In February 2022, a legal opinion issued by the California Department of Financial Protection and Innovation (“DFPI”) concluded that employer-provided earned wage access (“EWA”) transactions are not loans under the California Financing Law and California Deferred Deposit Transaction Law. The DFPI’s legal opinion stands to provide significant clarity to the EWA industry and should encourage the continued adoption of earned wage access as a solution to employees’ needs for low-cost temporary liquidity.
Before diving into the DFPI legal opinion, we briefly remind readers of the basic structure of EWA programs. Earned wage access is a service that allows workers to obtain wages that they have earned, but have not yet been paid, prior to the worker’s regularly scheduled payday. Although the exact structure of each program differs, EWA programs generally fall into two broad categories:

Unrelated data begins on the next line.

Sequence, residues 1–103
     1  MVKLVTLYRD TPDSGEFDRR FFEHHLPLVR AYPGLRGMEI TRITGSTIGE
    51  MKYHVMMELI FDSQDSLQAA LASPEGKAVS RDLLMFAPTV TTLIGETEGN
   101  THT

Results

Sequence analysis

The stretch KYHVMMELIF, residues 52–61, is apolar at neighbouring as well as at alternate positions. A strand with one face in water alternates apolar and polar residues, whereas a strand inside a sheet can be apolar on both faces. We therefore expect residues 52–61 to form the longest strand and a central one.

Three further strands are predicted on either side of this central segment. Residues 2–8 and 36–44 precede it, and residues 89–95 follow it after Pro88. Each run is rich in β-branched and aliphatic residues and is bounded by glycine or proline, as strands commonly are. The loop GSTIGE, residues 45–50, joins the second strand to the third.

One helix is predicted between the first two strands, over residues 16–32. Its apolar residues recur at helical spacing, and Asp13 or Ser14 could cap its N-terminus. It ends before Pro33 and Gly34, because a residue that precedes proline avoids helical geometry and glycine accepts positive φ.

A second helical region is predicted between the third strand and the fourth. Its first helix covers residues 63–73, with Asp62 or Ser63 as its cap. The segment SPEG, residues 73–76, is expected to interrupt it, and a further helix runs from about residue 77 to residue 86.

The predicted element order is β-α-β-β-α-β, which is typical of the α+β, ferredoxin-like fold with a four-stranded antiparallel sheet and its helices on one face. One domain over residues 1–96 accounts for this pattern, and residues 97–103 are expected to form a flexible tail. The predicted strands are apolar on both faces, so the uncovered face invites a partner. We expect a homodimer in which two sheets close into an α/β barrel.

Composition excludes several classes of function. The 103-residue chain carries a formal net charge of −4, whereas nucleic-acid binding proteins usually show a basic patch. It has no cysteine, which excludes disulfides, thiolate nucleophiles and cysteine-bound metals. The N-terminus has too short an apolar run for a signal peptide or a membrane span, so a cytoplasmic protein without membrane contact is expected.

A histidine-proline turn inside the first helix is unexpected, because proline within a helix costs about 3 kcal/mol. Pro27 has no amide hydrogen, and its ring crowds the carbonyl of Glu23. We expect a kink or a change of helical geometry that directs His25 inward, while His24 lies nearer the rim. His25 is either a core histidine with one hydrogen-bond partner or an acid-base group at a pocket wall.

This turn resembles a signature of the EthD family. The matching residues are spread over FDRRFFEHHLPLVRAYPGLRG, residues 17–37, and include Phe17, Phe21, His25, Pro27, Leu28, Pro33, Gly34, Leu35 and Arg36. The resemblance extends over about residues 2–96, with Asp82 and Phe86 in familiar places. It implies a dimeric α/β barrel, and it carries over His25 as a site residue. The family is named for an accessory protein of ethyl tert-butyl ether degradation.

- Direct To Consumer Models are offered directly to workers, without the employer’s involvement. Any eligible worker can access EWA from a direct to consumer model, as the worker’s employer offering the service is not a prerequisite. Because direct to consumer models do not integrate with employers, recoupment of EWA advances is typically effected through a single-use automated clearinghouse transaction from the employee’s personal bank account on the employee’s payday.
- Employer Integrated Models involve the EWA provider entering into a contract with an employer to offer the service as an employee benefit to the employer’s employees. An EWA provider using the employer integrated model may integrate with the employer’s payroll and time card systems to receive data about the amount of earned wages that an employee has accrued as of a certain date. Employer integrated programs typically fund an earned wage advance through the employer’s payroll system and then recoup the advance through a payroll deduction facilitated by the employer on the employee’s next regular payday.
Some EWA providers charge fees for use of the service, which are typically either flat transaction fees or “participation” fees for use of the program.
As an innovative and emerging product, EWA programs present novel financial regulatory issues. The most significant of these issues is the status of an EWA transaction as a non-credit transaction. Continue Reading California DFPI Affirms Employer-Integrated Earned Wage Access Is Not a Loan